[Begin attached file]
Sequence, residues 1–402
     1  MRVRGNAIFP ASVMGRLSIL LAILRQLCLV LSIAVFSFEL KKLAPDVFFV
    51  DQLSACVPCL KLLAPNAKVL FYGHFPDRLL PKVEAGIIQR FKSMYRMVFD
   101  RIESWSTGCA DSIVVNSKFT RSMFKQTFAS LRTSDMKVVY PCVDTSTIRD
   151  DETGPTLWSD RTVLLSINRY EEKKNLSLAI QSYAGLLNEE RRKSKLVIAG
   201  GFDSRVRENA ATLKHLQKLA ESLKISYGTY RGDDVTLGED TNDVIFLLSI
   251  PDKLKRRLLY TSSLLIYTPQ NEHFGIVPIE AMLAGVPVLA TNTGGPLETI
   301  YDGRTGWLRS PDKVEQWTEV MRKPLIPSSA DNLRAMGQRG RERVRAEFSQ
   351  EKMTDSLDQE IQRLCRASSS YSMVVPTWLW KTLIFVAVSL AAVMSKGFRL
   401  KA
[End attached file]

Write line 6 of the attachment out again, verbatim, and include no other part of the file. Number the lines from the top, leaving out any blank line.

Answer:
   201  GFDSRVRENA ATLKHLQKLA ESLKISYGTY RGDDVTLGED TNDVIFLLSI